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Synergetic effect

Are IOL designs holding back Femtosecond Laser Assisted Cataract Surgery?

Boris Malyugin

Posted: Tuesday, July 5, 2016

Lens fragmentation pattern following FLACS. Courtesy of Boris Malyugin MD, PhD, Nikolay Sobolev MD and Natalia Anisimova MD, S Fyodorov Eye Microsurgery Complex State Institution, Moscow, Russia

Designing intraocular lenses (IOLs) to take advantage of the precision afforded by femtosecond laser-assisted cataract surgery (FLACS) will likely encourage FLACS development and adoption, according to experts who spoke at the Ophthalmology Futures Forum Barcelona 2015, in Spain.

“I don’t think the lack of lenses today is retarding femtosecond cataract technology; it is going forward by itself. But there is huge potential for IOL improvement. If new IOL technology gives a benefit to femtosecond laser surgery there will be a synergetic effect that will propel this complex forward in the years to come,” said Boris Malyugin MD, PhD, Chief of Cataract and Implant Surgery at the S Fyodorov Eye Microsurgery Complex, Moscow, Russia, who moderated a panel discussion on the topic.

However, with current IOLs the benefits are unclear, so some surgeons advised caution in adopting FLACS. “My clinic has a mission statement and the first sentence is ‘patient satisfaction is the number one priority’. Right now I can’t justify femtosecond cataract surgery because it does not improve the performance of current lenses,” said Arthur Cummings MB, ChB, MMed(Ophth), FCS(SA), FRCSEd, of Wellington Eye Clinic, Dublin, Ireland.

FUTURE LENS DESIGNS

That could change quickly, Dr Cummings added. “If future lens designs have real benefits – I’m thinking real accommodation – and they fit better in an eye treated with a femtosecond laser, that is what will drive (widespread FLACS adoption).”

For example, FLACS might one day make possible emulsifying and removing cataracts, through a very small incision, followed by re-inflation of the capsular bag with an accommodating gel, he added.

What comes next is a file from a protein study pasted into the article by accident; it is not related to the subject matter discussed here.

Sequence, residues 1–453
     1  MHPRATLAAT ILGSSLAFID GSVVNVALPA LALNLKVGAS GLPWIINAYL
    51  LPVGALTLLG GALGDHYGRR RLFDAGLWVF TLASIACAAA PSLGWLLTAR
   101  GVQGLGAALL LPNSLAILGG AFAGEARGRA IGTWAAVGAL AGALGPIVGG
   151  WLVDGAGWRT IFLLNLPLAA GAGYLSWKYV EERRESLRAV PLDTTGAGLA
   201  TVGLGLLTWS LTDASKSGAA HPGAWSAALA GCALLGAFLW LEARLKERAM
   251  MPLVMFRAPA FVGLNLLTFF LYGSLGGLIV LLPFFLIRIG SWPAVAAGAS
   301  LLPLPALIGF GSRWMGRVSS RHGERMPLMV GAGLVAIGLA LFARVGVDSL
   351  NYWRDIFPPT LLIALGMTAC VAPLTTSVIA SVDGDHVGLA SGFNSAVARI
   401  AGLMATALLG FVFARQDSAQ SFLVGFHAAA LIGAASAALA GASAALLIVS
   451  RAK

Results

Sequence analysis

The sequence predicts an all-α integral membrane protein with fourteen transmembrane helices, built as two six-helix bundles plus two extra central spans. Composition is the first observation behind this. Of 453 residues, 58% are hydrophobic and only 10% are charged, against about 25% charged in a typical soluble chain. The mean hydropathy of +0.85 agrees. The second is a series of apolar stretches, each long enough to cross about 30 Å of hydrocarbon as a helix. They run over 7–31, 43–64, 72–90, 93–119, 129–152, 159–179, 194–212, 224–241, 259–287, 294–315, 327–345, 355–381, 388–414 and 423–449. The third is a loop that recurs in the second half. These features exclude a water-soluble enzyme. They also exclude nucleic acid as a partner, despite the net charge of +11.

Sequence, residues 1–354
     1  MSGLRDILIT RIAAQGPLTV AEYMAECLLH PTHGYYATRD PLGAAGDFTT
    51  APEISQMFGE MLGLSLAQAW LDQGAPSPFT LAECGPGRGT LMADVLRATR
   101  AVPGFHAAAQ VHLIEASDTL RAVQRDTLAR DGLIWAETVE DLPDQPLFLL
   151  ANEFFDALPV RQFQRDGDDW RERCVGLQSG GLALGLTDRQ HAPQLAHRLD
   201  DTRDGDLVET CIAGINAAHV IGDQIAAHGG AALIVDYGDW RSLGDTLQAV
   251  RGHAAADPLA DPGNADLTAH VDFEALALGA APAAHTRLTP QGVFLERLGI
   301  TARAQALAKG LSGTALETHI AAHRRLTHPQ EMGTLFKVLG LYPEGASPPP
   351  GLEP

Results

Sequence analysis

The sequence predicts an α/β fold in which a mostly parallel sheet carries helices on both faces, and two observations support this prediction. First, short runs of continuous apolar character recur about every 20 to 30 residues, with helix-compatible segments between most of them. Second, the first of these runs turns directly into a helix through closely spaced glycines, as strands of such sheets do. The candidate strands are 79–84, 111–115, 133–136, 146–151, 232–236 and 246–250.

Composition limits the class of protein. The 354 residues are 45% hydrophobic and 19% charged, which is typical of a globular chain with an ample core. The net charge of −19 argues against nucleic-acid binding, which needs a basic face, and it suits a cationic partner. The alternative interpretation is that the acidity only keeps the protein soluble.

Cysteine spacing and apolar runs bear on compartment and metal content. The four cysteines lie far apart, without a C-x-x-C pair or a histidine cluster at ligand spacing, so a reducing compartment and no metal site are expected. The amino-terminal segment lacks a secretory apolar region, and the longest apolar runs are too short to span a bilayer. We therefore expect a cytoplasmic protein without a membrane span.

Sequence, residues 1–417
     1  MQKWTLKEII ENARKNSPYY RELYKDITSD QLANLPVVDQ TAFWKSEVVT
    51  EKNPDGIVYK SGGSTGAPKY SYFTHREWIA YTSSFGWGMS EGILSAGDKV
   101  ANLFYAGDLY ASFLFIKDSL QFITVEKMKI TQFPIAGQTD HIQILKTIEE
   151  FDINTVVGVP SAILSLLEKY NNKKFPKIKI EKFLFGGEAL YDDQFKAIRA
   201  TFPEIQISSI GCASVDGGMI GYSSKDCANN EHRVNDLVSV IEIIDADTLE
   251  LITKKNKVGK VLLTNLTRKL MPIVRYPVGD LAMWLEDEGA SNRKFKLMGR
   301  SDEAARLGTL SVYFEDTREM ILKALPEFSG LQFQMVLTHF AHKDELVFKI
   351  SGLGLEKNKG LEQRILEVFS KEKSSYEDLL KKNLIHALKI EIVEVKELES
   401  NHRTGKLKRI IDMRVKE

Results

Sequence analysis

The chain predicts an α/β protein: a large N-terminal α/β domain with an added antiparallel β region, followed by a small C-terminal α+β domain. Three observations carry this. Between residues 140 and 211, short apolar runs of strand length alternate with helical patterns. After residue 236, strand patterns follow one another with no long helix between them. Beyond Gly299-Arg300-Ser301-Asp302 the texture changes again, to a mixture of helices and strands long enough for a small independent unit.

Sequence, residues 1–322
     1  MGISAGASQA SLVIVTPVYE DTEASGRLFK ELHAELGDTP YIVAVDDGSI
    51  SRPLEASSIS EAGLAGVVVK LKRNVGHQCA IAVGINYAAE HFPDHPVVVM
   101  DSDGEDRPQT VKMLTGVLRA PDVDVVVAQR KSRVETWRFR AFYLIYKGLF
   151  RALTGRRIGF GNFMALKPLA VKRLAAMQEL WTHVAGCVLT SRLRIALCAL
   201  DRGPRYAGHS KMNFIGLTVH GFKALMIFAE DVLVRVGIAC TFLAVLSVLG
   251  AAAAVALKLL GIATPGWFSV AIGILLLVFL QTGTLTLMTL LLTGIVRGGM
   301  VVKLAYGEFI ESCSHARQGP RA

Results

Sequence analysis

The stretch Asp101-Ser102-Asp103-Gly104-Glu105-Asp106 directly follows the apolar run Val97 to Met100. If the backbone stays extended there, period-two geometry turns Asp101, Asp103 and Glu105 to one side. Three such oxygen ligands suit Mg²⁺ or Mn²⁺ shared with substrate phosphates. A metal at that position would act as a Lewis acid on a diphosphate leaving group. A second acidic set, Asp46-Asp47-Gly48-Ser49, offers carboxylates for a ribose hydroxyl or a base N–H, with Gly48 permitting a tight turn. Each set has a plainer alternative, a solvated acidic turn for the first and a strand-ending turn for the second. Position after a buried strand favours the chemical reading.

A decade of follow-up with the bag-in-lens design by Marie-José Tassignon MD, PhD, FEBO, shows that capsulotomy-fixated lenses are stable, resisting anterior movement associated with capsule fibrosis and contraction over time. Better stability may also allow larger IOL optics offering better vision quality, he said.

Sunil Shah MBBS, FRCOphth, FRCS (Ed), FBCLA, a consultant ophthalmologist at Midland Eye, Solihull, UK, is conducting a study of the LENTIS IOL, focusing in part on outcomes with less-experienced surgeons. His early results suggest that the technology may produce better results even among surgeons with 20 or fewer procedures, but it’s still too early to tell for sure.

IS FLACS BETTER?

Before looking to new lenses that optimise FLACS, the question of whether femtosecond technology is superior to phacoemulsification should first be addressed, said Béatrice Cochener MD, PhD, Professor and Chair of the Ophthalmology Department at University Hospital Brest, France.

She underlined that, actually instead of asking if femto is better than phaco, we should consider that we are not comparing two competitive techniques but just refining phaco with femto for potentially better safety and accuracy.

“Is perfect lens centration guaranteed to perfect positioning of the lens? We don’t have an answer for that. Will the capsular bag act the same after FLACS as it does after phaco? We don’t know,” she said.

Another issue with FLACS is it can make polishing the capsule more difficult, increasing the risk of posterior capsule opacification (PCO), Dr Cochener added. This could gravitate against FLACS because overcoming PCO is a major issue in improving outcomes.

“We need to think about what we need to eliminate in cataract outcomes, we need to improve predictability of IOL positioning and to eliminate PCO,” she added.

Early results of a multicentre French study will focus, among the various evaluated parameters, on the occurrence of PCO. Fibrosis and bag contraction may appear earlier after femtocataract, but it is too early to tell for sure, or if the differences is significant, Dr Cochener said.

“We need to see if FLACS itself is better than phaco alone, and then come back to evaluate specific lenses that need to be designed to achieve the targeted perfection of predictable and stable implantation,” said Dr Cochener.

Boris Malyugin: boris.malyugin@gmail.com

Arthur Cummings: abc@wellingtoneyeclinic.com

Sunil Shah: sunilshah@doctors.net.uk

Béatrice Cochener: beatrice.cochener@ophtalmologie-chu29.fr


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